GSA Annual Meeting in Phoenix, Arizona, USA - 2019

Paper No. 281-8
Presentation Time: 9:00 AM-6:30 PM


VAN DUSEN, Ian L.1, BERBERIAN, Lori1, LARSEN, Darren J.1, GEIRSDÓTTIR, Áslaug2 and THORDARSON, Thorvaldur3, (1)Geology Department, Occidental College, Occidental Geology, Los Angeles, CA 90041, (2)Institute of Earth Sciences, University of Iceland, Sturlugata 7, Reykjavík, 101, Iceland, (3)Faculty of Earth Sciences, University of Iceland, Sæmundargötu 2, Reykjavik, 101, Iceland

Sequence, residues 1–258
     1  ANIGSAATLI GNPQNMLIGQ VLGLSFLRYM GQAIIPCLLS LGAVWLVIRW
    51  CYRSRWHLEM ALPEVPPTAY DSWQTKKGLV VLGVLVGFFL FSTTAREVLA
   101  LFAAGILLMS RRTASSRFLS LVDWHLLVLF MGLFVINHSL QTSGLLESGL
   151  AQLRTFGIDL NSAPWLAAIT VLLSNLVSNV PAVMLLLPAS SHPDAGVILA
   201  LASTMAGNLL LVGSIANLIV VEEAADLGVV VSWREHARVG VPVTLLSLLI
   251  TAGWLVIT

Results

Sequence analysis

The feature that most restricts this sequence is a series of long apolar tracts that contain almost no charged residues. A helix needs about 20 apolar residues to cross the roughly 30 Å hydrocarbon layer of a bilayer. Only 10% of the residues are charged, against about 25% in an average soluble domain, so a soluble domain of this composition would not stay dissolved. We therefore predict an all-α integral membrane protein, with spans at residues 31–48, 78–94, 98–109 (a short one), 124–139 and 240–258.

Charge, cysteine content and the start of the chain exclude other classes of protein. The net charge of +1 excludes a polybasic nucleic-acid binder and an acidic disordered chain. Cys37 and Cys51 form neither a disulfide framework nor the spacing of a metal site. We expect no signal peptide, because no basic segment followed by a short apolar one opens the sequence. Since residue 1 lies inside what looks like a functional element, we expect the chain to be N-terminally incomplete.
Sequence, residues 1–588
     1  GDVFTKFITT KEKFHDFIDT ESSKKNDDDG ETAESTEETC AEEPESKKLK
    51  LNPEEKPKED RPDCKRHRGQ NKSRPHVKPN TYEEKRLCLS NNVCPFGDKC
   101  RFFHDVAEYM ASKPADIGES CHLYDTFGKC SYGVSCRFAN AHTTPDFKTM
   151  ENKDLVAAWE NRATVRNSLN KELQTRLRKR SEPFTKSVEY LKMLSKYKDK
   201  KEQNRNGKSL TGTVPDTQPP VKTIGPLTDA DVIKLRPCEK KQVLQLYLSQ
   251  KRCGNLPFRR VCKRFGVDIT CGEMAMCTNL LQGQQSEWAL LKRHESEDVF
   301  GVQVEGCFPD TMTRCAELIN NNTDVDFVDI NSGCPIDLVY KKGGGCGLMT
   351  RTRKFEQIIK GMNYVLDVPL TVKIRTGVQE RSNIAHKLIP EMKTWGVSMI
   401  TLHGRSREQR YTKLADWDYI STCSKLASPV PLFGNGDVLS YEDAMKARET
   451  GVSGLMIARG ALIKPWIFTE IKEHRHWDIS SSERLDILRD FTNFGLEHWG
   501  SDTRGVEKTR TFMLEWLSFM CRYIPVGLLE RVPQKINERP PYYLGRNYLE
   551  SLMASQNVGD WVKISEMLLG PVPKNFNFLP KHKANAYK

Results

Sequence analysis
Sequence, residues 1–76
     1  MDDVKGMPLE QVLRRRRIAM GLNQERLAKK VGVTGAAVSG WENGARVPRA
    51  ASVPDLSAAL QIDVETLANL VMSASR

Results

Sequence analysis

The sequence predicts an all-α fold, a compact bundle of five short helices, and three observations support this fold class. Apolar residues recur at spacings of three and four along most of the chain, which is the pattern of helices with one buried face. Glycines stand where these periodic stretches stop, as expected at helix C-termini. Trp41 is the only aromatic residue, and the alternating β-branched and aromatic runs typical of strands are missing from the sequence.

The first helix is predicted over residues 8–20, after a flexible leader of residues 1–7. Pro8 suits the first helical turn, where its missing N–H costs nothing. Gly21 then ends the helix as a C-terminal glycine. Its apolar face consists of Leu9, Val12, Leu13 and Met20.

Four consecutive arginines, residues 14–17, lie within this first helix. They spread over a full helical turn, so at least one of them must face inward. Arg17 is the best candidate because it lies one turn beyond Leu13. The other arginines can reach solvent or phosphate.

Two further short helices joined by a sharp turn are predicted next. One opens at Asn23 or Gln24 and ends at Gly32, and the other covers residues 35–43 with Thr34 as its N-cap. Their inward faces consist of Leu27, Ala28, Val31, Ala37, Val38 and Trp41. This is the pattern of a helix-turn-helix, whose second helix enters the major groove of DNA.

Landscapes in the Icelandic Highlands are susceptible to soil erosional processes that can result in long-lasting, negative impacts on natural ecosystems. Geological archives, combined with observational datasets, demonstrate severe soil erosion has occurred in this region over various timescales (e.g. human to millennial) during the Holocene epoch (past ~10,000 years), and particularly during the past few millennia. However, it remains in question to what extent these landscape changes were triggered by natural forcing mechanisms (e.g. climate changes, volcanism) or the arrival of humans and their introduction of grazing livestock. This study analyzes the sediment sequence contained in Galtaból, a small (~1km2), shallow (~8-m-deep) lake in the north-central Icelandic Highlands, to determine the pattern and timing of past soil erosion events. From multiple overlapping sediment cores, we measured a suite of physical and environmental parameters related to landscape and environmental conditions, including magnetic susceptibility, greyscale reflectance, bulk density, loss on ignition, carbon and nitrogen elemental abundance and stable isotopes, and grain size distribution at multi-decadal to centennial resolution. Tephrochronology and radiocarbon dating confirm the continuous nature of the sedimentary record over the Holocene. Emerging results demonstrate that beginning ~1,500 years ago, erosional processes acting on the landscape transferred soil and terrigenous material into the lake in a manner not seen in the previous >8,000 years. This event appears to have predated the arrival of humans by over 300 years. This unprecedented landscape change is recorded by changes in sediment density, organic content, magnetic Susceptibility, greyscale, and grain size distribution. We suggest that harsh environmental conditions during the late Holocene were exacerbated by additional perturbations, including the effects of livestock grazing and tephra fall, which may have destabilized vegetation in the Highlands and led to persistent landscape instabilities. Ongiong work aims to synthesize lake sediment datasets with relict soil accumulations from the surrounding region to develop a comprehensive understanding of the timing, pattern, and underlying drivers of landscape changes in the Icelandic Highlands.